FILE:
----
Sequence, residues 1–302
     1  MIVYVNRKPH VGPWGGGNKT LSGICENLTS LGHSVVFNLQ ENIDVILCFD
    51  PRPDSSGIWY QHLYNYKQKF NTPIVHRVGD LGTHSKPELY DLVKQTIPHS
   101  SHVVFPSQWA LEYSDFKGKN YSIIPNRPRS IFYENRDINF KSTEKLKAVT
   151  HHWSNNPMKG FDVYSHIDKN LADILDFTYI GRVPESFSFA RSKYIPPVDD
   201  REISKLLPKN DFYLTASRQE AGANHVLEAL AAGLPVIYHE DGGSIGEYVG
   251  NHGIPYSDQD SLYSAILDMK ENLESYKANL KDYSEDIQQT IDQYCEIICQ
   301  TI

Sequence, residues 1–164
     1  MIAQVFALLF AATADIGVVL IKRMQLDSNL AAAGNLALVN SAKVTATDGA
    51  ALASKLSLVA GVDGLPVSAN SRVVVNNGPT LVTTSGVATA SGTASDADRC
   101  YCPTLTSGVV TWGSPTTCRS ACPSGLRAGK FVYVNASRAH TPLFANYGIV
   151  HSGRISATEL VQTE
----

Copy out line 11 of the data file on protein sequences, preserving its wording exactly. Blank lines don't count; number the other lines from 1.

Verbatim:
    51  ALASKLSLVA GVDGLPVSAN SRVVVNNGPT LVTTSGVATA SGTASDADRC